Also by this author: The Dream Traveler's Quest, Into the Book of Light, The Curse of Shadownman, The Garden and the Serpent, The Final Judgment, Millie Maven and the Bronze Medallion, Millie Maven and the Golden Vial, Millie Maven and the White Sword, Millie Maven
Series: Books of Mortals #2
Published by Center Street on June 2012
Genres: Fiction, Christian, Suspense, Fantasy
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Mortal is full of the symbolism and action Dekker and Lee fans love, the themes it touches on are timeless, poignant, and deep. One quick criticism is that due to its very nature, it follows the symbolism of some of Ted's previous work (namely Red) rather closely. Altogether, a great read from two stellar storytellers.
Nine years have passed since Life first came unto Death and Death did not understand it. Nine years Rom Sebastian has been Mortal, able to feel the emotions deemed too dangerous to exist: Love, Joy, Anger, Sorrow, and a host more. Nine years Rom has been gathering fellow vagabonds in an effort to overthrow the system of Order and install Jonathan—a special boy whose blood can make others Alive—as the true Sovereign of the world. Nine years since the events written about in Forbidden. Nine long and arduous years.
And now is the time for victory. Jonathan has come of age and is ready to take his place as Sovereign. But the forces of Order stand poised to destroy humanity’s only living hope. Saric, long thought dead, has arisen with plans to overthrow the government and become Sovereign himself. Even within the group of Mortals, there is division over what the prophecies of Jonathan’s coming kingdom actually mean. Just when Rom needs everything together, it would seem that everything is falling apart.
In this second book in the Books of Mortals series, Tosca Lee and Ted Dekker have again combined their Storytelling prowess to craft an epic that will not soon be forgotten. As the world first seen in Forbidden is fleshed out, readers are introduced to a group that have lived as vagabonds outside of Order and how they form an alliance with the Rom and the Keepers to keep Jonathan safe until he comes of age. The themes in Mortal reach new heights, exploring the difference between Saric’s twisted form of life, the Mortals pure yet not completely understood form of life, and the death the rest of the world knows.
The pacing is strong, the characters believable and relatable. Jonathan is given a lot of space, and it’s great to see the direction they take his character. The character of Roland, the military leader of the Mortals, is also given prominence. Ultimately though, the strength of the story lies in the parts I can’t talk about. The twists, the symbolism, the reveals…all of it makes Mortal stand just as strongly as Forbidden and readies the scene for the close of the trilogy in Sovereign.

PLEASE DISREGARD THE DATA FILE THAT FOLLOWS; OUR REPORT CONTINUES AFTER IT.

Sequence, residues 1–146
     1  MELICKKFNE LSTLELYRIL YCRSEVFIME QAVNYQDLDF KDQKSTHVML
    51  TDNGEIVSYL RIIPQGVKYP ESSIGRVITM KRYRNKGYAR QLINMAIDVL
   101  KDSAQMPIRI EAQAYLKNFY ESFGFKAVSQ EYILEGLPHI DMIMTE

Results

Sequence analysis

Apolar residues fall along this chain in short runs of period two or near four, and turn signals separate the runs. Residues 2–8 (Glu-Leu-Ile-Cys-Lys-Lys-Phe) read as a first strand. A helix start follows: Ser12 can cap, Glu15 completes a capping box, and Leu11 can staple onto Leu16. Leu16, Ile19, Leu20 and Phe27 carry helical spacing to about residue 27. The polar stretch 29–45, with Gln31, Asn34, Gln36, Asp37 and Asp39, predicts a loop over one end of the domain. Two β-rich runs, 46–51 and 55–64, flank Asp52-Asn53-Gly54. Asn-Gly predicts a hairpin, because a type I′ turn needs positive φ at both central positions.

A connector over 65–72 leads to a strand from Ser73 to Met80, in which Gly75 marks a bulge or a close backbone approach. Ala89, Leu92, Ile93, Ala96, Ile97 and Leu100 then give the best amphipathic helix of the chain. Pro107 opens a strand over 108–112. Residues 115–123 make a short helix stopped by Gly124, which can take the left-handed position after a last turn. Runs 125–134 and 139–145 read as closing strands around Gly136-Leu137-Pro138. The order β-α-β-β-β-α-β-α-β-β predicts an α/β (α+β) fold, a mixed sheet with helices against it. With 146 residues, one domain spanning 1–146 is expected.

With all that said, I do have one criticism, or rather, one thing I think will be criticized. As some might remember, when Forbidden released, I called the BOOKS OF MORTALS the second coming of the Circle series. While the Circle dealt with redemptive history, the Books of Mortals would deal with what it meant to be spiritually alive in a dead world. And while it maintains that theme, there are a number of parallels in Mortal with Red. I won’t talk specifics, lest either book be spoiled, but Dekker fans are undoubtedly going to catch the similarities. I’m sure a part of the reason I see so many similarities is due to having worked with Ted and knowing the Circle series pretty well. It would have been nice to have seen Ted and Tosca do more to distance this series from the stellar story Ted’s already told. Obviously there are subtle connections and Ted should give fans little fun connections to his previous books, but what I see in Mortal makes me wonder if fans will see it as too much.
Despite this, Mortal is absolutely astounding. The story hits the ground running and doesn’t let up. The themes and symbolism tie together with the plot flawlessly. The Mortal’s desire for immortality, the symbolism of the blood, the description of Saric’s lust for power…for those with eyes to see and ears to hear, Mortal is much more than just an entertaining story. Its deep thoughts and poignant themes make it something to reflect on, a story you return to because of its perspective as well as its fun. The only real problem with Mortal is that it’s over all too quickly and the release of Sovereign stands so far off. Dekker and Lee have something special here. I hope they keep it up.